The US Court of Appeals for the District of Columbia dealt a blow to a lawsuit challenging the NSA’s use of warrantless surveillance, claiming the plaintiff did not prove standing. The Washington Post reports, the court “ruled that public-interest lawyer Larry Klayman, the founder of Freedom Watch, has not proved that his own phone records were collected by the NSA — and so has not met a condition of bringing the lawsuit.” The ruling sent the case back to a lower court for further deliberation on the issue, and did not address the constitutionality or legality of the program.
Despite information made public by whistleblower Edward Snowden of the existence of spying programs, the DC Appeals Court ruling seems to take a page from the US Supreme Court ruling in the case of Clapper v Amnesty International from 2013. Justice Samuel Alito wrote in his opinion, the plaintiffs’ argument that they have the standing to challenge the program was based on a “highly
speculative fear.” He also wrote they “have no actual knowledge of the Government’s … targeting practices,” and “can only speculate as to how the Attorney General and the Director of National Intelligence will exercise their discretion in determining which communications to target.”
In this case, Freedom Watch v CIA, Circuit Court Judge Stephen F. Williams wrote that Klayman “lack[s] direct evidence” that records pertaining to his calls “have actually been collected.” The Post adds, the court “observed that [Klayman’s] effort to prove standing was complicated by the possibility that the government could withhold information that would bolster his allegations.” Circuit Court Judge Janice Rogers Brown said, “Plaintiffs’ claims may well founder in that event. But such is the nature of the government’s privileged control over certain classes of information.”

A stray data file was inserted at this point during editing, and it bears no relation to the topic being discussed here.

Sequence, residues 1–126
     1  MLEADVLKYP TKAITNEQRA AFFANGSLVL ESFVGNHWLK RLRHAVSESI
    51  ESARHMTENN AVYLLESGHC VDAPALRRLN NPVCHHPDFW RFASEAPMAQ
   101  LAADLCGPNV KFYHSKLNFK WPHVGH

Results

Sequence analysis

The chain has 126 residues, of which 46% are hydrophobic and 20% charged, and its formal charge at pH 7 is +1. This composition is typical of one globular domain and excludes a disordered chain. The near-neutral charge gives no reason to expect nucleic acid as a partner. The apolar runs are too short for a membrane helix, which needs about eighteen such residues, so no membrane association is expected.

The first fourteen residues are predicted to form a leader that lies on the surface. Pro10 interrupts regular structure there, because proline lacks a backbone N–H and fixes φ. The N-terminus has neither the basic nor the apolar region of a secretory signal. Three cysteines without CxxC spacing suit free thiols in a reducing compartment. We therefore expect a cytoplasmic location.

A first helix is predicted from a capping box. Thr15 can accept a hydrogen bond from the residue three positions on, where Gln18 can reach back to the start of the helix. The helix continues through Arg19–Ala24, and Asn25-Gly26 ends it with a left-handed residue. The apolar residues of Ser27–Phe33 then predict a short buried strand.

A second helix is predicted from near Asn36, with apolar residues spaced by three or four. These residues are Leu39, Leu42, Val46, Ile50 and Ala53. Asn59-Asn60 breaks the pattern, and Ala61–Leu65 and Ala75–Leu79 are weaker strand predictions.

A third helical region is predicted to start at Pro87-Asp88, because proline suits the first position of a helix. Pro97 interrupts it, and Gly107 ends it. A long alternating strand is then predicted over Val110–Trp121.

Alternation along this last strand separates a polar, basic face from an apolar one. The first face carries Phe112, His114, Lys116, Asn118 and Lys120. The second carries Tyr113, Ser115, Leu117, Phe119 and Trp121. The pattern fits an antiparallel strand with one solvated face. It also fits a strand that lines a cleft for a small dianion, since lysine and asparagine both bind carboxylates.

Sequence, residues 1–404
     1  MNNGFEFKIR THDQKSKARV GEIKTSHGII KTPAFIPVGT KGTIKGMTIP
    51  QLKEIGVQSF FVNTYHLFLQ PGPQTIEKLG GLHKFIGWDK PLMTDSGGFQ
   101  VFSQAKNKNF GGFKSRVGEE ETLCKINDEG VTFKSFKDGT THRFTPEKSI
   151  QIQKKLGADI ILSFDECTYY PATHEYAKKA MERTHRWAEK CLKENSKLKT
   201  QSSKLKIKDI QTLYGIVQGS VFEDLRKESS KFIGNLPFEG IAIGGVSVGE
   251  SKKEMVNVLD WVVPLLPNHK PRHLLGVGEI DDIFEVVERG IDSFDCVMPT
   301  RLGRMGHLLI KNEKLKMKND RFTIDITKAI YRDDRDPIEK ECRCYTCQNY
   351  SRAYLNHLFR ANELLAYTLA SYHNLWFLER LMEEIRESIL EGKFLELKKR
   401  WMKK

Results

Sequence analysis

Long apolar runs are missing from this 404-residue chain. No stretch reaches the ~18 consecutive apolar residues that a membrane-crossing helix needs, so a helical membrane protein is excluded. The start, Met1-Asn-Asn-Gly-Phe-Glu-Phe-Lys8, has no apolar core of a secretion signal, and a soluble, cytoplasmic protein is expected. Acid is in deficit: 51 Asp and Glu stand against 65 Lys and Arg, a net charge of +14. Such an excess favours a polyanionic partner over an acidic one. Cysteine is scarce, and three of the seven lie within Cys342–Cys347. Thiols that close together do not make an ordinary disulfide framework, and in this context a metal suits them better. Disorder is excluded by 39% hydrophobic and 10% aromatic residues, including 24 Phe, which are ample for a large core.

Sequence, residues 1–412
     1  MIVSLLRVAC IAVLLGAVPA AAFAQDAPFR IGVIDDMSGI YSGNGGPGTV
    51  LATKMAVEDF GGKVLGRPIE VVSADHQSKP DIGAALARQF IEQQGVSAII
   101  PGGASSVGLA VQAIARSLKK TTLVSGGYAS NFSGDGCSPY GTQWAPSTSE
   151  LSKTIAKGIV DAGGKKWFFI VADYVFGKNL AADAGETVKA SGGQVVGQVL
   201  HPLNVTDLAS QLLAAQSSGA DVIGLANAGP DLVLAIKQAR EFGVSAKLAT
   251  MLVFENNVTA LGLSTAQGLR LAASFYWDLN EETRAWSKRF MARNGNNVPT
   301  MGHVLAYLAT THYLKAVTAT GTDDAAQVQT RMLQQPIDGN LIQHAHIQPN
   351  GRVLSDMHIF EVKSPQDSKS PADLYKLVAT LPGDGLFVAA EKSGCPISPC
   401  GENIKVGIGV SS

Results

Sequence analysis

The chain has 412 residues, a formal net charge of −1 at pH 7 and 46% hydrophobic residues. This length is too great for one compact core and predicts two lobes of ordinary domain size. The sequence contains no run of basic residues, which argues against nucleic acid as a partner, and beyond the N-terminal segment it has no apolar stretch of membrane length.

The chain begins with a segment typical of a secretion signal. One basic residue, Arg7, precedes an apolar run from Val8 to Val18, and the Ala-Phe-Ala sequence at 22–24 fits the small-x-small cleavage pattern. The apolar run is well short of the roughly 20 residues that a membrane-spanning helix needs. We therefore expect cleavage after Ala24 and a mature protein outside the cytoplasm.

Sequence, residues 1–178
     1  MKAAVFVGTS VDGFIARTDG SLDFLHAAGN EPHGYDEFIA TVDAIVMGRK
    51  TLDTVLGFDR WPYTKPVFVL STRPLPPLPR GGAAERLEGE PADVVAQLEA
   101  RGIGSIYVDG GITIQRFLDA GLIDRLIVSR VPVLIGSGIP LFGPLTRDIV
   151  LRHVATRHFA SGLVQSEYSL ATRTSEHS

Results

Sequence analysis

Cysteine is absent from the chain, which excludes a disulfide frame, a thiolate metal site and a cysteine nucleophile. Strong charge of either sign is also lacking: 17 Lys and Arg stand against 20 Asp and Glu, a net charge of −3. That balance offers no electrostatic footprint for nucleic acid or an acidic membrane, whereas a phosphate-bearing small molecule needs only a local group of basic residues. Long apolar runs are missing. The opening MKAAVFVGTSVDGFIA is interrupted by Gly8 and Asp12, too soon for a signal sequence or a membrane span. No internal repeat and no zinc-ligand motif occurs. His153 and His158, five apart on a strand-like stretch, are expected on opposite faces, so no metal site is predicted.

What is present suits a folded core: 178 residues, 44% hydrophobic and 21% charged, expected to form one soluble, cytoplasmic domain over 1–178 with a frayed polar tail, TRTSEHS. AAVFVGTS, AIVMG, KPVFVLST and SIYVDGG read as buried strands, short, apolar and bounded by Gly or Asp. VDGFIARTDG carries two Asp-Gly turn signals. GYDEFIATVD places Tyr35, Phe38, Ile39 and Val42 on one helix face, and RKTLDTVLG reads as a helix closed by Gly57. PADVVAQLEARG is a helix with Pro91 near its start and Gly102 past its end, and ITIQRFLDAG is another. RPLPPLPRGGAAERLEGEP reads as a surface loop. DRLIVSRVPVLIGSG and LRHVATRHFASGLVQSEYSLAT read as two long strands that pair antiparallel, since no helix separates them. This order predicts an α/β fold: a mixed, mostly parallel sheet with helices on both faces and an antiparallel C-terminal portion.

In a separate court action in the DC federal court, RT reports, “five whistleblowers are suing the Justice Department, National Security Agency, FBI and their former directors for violating their constitutional and civil rights after they complained about government waste and fraud through proper channels.”
The five whistleblowers were subjected to “illegal searches and seizures, raids on their homes and places of business, false imprisonment, and cancellation of their security clearances after they complained about government waste and fraud at the NSA.” Techdirt reports, “the lawsuit points to the short-lived internet surveillance program THINTHREAD, which was ignored and abandoned in favor of something more expensive, but less protective of Americans’ communications.”
These cases go to show that the courts and other government agencies don’t really care about your rights. They care about protecting their power. Is it any wonder that Edward Snowden fled the country after blowing the whistle on the NSA? Why would he knowingly subject himself to numerous “civil liberties violations and other abuses,” not to mention a trial in which he’s not able to actually defend himself?